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Kent E. Portney

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Kent E. Portney

This concept of sustainability has emerged as core idea in environmental policy and governance, and increasingly an organizing concept for decision making across many sectors of society. This chapter explores both the scientific and normative foundations of sustainability, and examines how it relates to the biophysical environment as well as to the public policies that are being developed to pursue the idea. The chapter considers many dimensions of sustainability, and argues that, while the ideas involved may seem amorphous, it has come to have many specific meanings. In practice, many notions of sustainability are now also being pursued by nations both individually and collectively, business firms large and small, and local governments and communities. These efforts are often part of broader efforts to mitigate and adapt to climate change, to manage the environmental impacts of industry and agriculture, and to incorporate principles of equity and justice into policymaking.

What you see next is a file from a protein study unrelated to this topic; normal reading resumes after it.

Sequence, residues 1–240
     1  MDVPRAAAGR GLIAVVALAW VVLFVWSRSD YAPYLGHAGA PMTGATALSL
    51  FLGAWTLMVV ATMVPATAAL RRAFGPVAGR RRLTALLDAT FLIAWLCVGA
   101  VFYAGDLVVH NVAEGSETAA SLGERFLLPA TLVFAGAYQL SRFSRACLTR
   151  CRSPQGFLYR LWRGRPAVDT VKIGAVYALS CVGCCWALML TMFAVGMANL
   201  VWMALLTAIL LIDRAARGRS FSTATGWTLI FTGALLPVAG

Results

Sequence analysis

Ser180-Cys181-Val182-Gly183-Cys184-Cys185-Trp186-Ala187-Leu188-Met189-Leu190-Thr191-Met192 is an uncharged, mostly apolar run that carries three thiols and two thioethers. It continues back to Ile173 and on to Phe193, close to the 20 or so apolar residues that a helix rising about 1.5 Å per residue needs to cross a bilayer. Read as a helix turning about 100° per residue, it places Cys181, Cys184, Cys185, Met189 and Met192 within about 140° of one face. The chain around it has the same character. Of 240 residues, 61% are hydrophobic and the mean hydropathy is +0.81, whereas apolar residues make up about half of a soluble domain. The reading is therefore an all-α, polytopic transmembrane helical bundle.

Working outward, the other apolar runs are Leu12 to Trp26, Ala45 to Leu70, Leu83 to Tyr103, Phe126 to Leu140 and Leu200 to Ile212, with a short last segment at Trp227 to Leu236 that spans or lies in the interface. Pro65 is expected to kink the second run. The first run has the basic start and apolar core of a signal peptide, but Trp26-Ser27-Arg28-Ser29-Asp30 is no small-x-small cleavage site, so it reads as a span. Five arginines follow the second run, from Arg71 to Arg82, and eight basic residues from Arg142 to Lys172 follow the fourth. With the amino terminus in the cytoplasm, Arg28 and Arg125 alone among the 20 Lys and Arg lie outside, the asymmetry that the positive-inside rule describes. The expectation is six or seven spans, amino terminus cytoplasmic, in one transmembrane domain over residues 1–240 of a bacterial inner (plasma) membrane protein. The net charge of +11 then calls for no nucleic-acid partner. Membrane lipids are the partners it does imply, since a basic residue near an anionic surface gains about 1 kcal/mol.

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Kent E. Portney and Jeffrey M. Berry

In the face of more than 20 years of experience in the USA, cities continue to search for ways of dealing with the fact that sustainability and its pursuit, as a matter of local public policy, is often deeply contested. This chapter examines the role of local environmental groups in this contestation with a particular eye toward understanding the role of such groups in the context of the underlying political ideology of cities. Taking advantage of patterns across 50 of the largest cities in the USA, this chapter examines the roles of pro-sustainability groups both in terms of their co-production activities and their advocacy before city government, and makes inferences about the importance of such groups independent of how progressive or conservative the city is. Consistent with mainstream understandings of the role of groups, this chapter argues that local decisions to try to become more sustainable are shaped by the roles played by environmental groups. It concludes with the suggestion that the pursuit of sustainability policies and programs moving forward will depend in large part on the extent to which environmental groups are willing and able to engage in advocacy before city policy-makers.